Smartphone maker HTC unveiled two new Android-based phones, along with an updated version of its own user interface, HTC Sense, and a new online service called HTCSense.com, to let users manage their phones from a computer.
The two phones are the HTC Desire, with a 4.3-inch display, and the powerful 1GHz Qualcomm Snapdragon processor; and the Desire Z, with a full slide-out QWERTY keyboard and a slightly less powerful Qualcomm chip. Both run Android 2.2, the Froyo version of the OS.
The Desire HD also has an 8 megapixel camera, which can record 720p HD video, and dual-LED flash. It supports Dolby Mobile with SRS virtual surround sound.
The Desire Z is said to resemble the just-available T-Mobile G2 Androidsmartphone. It runs runs an 800MHz Qualcomm processor. Its 5 megapixel camera also records 720p HD video. One big difference is the flip-out QWERTY keyboard. The keyboard was designed for “for people with long fingernails and chubby thumbs,” according to a story by UK tech news Web site Electricpig, which was present at the announcement. Pricing was not announced.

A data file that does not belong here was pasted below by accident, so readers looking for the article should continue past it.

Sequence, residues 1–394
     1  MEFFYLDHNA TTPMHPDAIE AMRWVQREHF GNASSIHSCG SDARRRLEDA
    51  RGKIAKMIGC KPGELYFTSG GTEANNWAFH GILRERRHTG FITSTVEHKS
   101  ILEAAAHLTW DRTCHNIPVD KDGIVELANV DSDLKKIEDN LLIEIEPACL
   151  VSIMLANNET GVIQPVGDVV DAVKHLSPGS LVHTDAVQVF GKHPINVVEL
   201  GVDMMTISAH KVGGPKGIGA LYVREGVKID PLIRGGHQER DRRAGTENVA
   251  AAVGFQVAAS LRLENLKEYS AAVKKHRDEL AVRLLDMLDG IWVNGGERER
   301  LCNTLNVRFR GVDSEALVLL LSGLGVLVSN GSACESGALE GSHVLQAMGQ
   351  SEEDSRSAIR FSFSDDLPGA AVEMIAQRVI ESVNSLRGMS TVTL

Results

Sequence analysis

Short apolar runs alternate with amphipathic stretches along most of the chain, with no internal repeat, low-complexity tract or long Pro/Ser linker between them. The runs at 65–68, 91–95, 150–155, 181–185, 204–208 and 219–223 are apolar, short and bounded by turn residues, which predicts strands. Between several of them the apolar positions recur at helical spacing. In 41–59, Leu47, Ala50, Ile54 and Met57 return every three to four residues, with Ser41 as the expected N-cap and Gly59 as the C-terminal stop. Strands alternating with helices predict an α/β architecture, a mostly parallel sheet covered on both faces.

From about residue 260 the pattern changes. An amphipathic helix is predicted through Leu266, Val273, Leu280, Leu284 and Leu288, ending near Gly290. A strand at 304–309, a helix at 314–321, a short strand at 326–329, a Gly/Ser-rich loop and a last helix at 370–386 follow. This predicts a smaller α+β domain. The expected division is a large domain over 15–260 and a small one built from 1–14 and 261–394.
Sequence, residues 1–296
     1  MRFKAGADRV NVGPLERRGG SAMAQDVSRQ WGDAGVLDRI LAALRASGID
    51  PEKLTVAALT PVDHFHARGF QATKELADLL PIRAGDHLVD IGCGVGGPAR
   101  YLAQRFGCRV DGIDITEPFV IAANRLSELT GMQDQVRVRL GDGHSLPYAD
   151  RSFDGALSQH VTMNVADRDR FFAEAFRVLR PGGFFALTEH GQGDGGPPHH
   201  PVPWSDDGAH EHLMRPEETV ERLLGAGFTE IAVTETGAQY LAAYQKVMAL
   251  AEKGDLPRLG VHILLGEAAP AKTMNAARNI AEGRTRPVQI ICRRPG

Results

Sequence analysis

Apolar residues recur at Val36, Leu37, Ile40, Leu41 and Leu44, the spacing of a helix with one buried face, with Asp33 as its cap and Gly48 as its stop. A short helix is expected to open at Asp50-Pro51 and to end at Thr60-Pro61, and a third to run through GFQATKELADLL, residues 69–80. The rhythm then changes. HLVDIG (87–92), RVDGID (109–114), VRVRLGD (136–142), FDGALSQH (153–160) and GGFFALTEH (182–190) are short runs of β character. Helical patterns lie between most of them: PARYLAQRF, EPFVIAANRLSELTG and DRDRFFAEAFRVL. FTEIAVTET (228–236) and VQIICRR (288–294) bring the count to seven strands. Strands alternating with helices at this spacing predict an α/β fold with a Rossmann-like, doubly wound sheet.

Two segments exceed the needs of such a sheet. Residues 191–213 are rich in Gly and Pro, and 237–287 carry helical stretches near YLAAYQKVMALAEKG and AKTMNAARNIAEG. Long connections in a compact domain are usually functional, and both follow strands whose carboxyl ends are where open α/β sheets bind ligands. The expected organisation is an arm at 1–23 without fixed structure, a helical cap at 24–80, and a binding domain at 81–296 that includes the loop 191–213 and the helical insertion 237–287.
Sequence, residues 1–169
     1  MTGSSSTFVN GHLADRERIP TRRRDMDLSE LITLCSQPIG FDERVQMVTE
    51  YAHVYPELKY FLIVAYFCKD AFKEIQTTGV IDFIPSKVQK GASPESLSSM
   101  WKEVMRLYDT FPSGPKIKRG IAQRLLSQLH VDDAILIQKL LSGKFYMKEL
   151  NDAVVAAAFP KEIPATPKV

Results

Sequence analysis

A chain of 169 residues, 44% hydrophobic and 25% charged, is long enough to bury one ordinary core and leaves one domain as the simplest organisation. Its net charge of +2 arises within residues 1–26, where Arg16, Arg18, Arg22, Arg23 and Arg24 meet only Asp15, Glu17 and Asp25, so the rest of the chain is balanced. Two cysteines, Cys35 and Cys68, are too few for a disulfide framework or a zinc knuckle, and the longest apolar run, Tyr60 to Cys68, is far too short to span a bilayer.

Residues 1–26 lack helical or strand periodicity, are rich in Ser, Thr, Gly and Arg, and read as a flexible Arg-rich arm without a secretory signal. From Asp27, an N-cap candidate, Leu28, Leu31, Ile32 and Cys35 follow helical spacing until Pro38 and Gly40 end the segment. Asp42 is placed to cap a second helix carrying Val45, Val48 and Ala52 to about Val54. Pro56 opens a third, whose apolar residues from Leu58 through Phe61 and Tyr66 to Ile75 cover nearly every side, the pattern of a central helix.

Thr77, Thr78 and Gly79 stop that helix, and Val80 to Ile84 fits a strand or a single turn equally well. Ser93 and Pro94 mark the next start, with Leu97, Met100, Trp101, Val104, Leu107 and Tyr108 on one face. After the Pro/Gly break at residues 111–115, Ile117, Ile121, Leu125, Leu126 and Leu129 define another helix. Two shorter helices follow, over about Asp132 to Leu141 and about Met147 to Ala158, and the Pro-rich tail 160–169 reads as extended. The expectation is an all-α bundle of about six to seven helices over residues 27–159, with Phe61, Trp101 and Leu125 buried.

Both phones can connect to HTCSense.com, where users can locate a lost or stolen phone, sound the ringer, and remotely lock it. Through the Web site, users can add images, plug-ins and sounds to their phone.
The updated HTC Sense UI, which sits atop Android, includes a battery of new features, including a unified in-box. Maps can now be pre-cached, reducing the wait times in loading and zooming. Another addition is HTC Fast Boot, which cuts the time it takes to complete the phone’s power-up sequence to 10 seconds or less from about 45 seconds, according to reports.
The phones will be available in Europe and Asia starting next month. The Desire Z will ship in North America later this year, HTC said. See more details on HTC official site.